(2) Can I stitch in the ditch, or will that look bad/dumb/annoying? Can I use off-white thread?
(3) Should I make a binding to go around the edge, or should I just take another fabric for the back, sew right sides together, and turn it inside out -- no binding?

And finally,
(4) Have I made a terrible mistake?

I thank you for your input and kind consideration in this matter.


heather t said...

Ok, I've made one lap quilt and zero placemats. So here are some really useless answers:

1) No clue.
2) a) Sure, why not? b) Sure, why not? (I didn't know there was this "colorless thread" rule in quilting; I used thread in the main color of my fabric.)
3) Either one. I would decide based on a) fuss; b) time; c) Do I have enough fabric to make a binding?
4) No. I think it looks great so far. I love the little design and the way the colors are coming together. If you decide they aren't good enough to give your friend, you can send them to me.

And I would totally watch your show.

Marie said...

I made some placemats last year for Christmas. Here is what I know:

Use cotton batting. It gives them a nice feel - way better than the ones I made with the synthetic batting.

I used to think that I had to use white thread when I quilt. I got over that. Now I use whatever color I want. I used red one time and black another. Quilt any way you want to. It is you vision - run with it.

I spent way to much time putting binding on the first set. I got done with that and said "Damn". I turned the rest of them inside out . I sewed in the batting and turned it with one of the sides. Then I topstitched the opening closed and continued the topstitching all the way around so it did not look like I sewed them closed.

You did not mess up by starting. My 1st set of placemats took forever or maybe longer. I learned some things from my mistakes so the rest of them went quickly and were a blast to sew.

Good luck and Happy Holidays!


Stella said...

1. Probably, yes.

2. a. It always looks messy when I try to stitch in the ditch, but that's because I'm sloppy and I don't have a walking foot. I don't see any reason you shouldn't though, since you're clearly more proficient than I.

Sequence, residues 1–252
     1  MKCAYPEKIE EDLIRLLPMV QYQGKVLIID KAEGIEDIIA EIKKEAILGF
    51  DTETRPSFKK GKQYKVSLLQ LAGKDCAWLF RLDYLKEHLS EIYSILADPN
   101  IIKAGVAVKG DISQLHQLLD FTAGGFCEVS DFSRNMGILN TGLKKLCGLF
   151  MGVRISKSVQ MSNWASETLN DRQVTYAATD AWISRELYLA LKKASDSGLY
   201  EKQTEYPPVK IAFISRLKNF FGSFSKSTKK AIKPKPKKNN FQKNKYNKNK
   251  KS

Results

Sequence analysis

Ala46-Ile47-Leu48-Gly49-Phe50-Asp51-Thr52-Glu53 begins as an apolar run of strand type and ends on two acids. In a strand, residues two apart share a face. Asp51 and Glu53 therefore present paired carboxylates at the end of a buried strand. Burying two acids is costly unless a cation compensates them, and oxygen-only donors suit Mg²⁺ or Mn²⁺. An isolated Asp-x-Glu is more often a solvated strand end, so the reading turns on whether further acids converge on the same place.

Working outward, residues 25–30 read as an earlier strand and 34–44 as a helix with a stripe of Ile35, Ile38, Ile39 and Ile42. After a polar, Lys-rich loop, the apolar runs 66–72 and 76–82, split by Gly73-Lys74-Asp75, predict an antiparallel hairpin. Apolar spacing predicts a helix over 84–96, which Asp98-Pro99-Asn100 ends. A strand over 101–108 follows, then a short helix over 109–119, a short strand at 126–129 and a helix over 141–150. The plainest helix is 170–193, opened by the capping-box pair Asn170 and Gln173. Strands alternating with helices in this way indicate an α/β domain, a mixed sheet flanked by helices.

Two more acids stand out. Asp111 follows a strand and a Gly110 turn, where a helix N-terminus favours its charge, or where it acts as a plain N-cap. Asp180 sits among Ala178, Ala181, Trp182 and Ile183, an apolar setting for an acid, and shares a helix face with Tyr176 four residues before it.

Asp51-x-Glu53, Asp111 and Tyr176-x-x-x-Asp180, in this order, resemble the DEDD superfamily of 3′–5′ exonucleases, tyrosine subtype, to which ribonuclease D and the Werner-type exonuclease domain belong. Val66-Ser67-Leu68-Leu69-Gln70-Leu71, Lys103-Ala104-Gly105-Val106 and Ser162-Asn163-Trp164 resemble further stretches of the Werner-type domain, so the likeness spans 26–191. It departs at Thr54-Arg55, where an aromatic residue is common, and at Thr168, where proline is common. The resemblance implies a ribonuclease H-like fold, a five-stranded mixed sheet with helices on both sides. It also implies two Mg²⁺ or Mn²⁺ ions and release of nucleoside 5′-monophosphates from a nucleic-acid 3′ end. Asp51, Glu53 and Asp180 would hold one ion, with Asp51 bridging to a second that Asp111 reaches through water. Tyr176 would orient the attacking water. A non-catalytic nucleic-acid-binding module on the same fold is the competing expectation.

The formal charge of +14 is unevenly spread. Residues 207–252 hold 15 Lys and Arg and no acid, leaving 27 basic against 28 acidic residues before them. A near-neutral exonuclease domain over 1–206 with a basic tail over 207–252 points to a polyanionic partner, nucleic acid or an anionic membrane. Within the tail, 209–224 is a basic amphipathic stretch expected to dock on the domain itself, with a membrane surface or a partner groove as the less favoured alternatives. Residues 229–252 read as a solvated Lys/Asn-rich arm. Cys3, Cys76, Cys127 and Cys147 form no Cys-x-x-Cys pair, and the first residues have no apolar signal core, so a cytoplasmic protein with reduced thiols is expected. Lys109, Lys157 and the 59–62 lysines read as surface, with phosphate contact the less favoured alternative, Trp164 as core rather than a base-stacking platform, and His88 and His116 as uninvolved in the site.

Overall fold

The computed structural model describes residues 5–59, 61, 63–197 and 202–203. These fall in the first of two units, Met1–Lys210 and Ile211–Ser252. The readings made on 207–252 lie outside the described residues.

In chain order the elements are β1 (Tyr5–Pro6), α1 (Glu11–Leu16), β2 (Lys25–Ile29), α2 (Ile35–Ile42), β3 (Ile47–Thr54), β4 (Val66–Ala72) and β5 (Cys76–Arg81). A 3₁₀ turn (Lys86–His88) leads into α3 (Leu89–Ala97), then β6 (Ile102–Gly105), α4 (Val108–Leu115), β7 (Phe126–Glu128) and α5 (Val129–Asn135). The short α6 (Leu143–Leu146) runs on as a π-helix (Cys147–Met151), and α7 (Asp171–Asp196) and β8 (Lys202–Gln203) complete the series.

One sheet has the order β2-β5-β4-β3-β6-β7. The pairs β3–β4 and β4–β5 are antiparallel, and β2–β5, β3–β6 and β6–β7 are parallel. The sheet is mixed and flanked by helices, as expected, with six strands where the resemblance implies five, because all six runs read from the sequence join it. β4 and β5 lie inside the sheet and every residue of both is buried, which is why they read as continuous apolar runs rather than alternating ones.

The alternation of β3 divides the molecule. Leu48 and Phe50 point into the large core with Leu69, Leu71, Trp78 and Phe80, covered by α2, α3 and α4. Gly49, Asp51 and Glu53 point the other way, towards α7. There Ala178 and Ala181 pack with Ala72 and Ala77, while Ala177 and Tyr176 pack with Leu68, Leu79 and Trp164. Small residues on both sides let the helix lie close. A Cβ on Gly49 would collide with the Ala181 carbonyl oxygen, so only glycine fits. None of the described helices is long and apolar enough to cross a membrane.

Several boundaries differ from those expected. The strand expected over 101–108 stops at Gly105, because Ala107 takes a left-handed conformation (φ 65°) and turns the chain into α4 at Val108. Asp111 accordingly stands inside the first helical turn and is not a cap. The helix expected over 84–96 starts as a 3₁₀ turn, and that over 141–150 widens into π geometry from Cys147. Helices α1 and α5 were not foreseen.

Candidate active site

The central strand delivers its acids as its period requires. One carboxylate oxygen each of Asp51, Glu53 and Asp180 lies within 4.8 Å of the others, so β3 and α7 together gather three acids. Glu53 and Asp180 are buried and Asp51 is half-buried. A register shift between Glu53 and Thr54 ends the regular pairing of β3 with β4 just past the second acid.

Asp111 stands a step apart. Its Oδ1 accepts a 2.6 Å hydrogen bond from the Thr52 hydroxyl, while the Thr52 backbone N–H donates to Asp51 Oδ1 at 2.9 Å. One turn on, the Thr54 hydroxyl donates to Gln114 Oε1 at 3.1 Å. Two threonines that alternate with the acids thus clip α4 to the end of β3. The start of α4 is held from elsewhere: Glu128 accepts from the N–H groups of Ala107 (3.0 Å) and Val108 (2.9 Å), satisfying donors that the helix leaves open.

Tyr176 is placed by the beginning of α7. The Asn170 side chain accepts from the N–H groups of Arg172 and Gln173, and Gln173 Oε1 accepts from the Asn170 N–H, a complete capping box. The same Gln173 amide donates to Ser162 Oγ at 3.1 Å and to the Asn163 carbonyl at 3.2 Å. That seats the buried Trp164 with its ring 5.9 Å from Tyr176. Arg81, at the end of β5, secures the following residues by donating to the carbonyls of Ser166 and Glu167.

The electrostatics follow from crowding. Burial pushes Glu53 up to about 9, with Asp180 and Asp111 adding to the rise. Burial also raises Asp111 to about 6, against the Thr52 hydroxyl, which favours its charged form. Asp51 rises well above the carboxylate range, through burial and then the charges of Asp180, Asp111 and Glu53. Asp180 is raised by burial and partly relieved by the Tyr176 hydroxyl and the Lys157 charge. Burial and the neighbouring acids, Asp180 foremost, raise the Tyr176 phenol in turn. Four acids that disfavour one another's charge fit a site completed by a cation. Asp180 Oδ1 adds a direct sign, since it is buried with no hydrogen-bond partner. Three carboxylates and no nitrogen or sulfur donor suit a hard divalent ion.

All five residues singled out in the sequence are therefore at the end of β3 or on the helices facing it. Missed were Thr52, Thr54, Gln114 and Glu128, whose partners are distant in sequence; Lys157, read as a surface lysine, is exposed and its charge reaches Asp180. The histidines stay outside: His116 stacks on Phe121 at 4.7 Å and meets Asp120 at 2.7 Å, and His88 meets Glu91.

b. Sure.

3. I hate binding. I think the inside-out plus topstitching plan is solid.

4.NO! I love it, for reals.

Erica said...

Hey, I'm impressed you made a pattern! I would have just started ripping. (Yes, that's right, ripping. I rarely cut fabric, I rip.)

So I say do whatever you think works best. Though I do remember reading in a book (so it must be true?) that stitching-in-the-ditch weakens the quilt.

maryse said...

well i can't give you any advice since i've never quilted in my life nor have i ever made placemats. however, i love the design you came up with. i think they're adorable and the colors make me very happy.

Rooie said...

I'm on Marsye's bench...I don't quilt...I don't sew. But man, those are going to be gorgeous placemats and, were they mine, the first time someone spilled wine on them I'd have to kill them.

Rooie said...

Oh great, I spelled Maryse's name wrong...I'm sorry, Maryse.

tiennieknits said...

I love cotton batting - love the way it shrinks to give your quilt a great antiquey look. I think you should quilt it the way you want. The placemats will be lovely!

Carol said...

OK, so you went the long way around, it's the journey not the destination. It's the wandering that forms you, Hey the Israelites spent 40 years in the wilderness and you only spent, what, a couple of days? You're way ahead of the pack.